In the following year, the facades of the building were finished. Bronze (brass) products were also transferred for the mausoleum, and eleven of them have survived to this day: a large cauldron, six lamps and four khalkas – a kind of hammer, placed in pairs on entrance doors of the portal and the tomb.
The lamp belongs to a certain type of objects that had a patterned base with a reservoir in the form of a cylinder or a flat ball and that originated in the Middle East in the 14th century. Sometimes these reservoirs were attached to the bases of real candlesticks of the 13th – 14th centuries. That’s why they were wrongly called “candlesticks”. But the term masradjash (“lamp”) was mentioned in the inscription on a similarly shaped base (1458 – 59) kept in the Imam Reza Museum in Mashhad. The decor of the lamp from the mausoleum of Khoja Ahmed Yasawi is made of eleven ornamental stripes.
Arabic inscriptions are written on the reservoir and on the middle part in the Thuluth script: “This is what was made by the order of His Excellency the sovereign, ruler of the wise, ruling and just poles of peace and faith Amir Timur Gurkan, may Allah keep his kingdom and glory”, and “This is what was made by the order of His Excellency the sovereign, ruler of the wise, ruling and just. Glory, and happiness, [and] power, [and] well-being, [and] peace. This is what was made by the order of His Excellency the sovereign, the ruler… Glory, [and] happiness, [and] power, [and] well-being”.
On the bottom edge of the base is engraved the inscription: “The slave Izz ad-Din [son of] Taj ad-Din Isfahani made this on the 20th day of the Blessed Ramadan of the year 799”. This inscription cannot be considered original for three reasons: 1) it is engraved (carved), while other inscriptions are encrusted with gold and silver; 2) it is not included in the decor of the lamp, but is located on a place free from ornamentation; 3) the same date of the end of the work – 20th day of Ramadan of the year 799 / June 17, 1397 – is on three lamps of the same type, which is doubtful because of their big size.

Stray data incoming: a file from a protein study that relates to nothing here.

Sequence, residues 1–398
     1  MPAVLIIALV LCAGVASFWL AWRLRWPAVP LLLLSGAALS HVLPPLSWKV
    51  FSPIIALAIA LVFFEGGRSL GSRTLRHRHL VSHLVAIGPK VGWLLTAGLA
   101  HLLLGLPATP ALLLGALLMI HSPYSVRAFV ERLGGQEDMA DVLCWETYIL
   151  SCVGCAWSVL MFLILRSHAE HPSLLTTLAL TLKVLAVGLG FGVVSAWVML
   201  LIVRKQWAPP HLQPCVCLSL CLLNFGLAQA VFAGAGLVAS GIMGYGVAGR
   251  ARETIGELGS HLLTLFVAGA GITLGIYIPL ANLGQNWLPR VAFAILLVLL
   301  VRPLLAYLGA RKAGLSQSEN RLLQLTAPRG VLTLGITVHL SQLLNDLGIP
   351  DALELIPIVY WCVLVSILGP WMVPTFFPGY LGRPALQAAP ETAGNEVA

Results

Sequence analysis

One inscription contains the name of Timur. Consequently, it was made before 1405, the year of his death. However, the question of whether the lamp was intended for the mausoleum of Ahmed Yasawi cannot be clearly answered. Indeed, the beginning of these two inscriptions: “This is what was made by the order of His Excellency…”, an odd number of cartouches with ornaments and inscriptions, filling the free space between the letters with floral ornament elements all show that this lamp was made by masters from Syria.
You can learn more about the topic in the book-album "Collection of the State Hermitage Mavarannakhr Art 8th – 15th centuries" (XV volume) from the series "Cultural Legacy of Uzbekistan in the World Collections".
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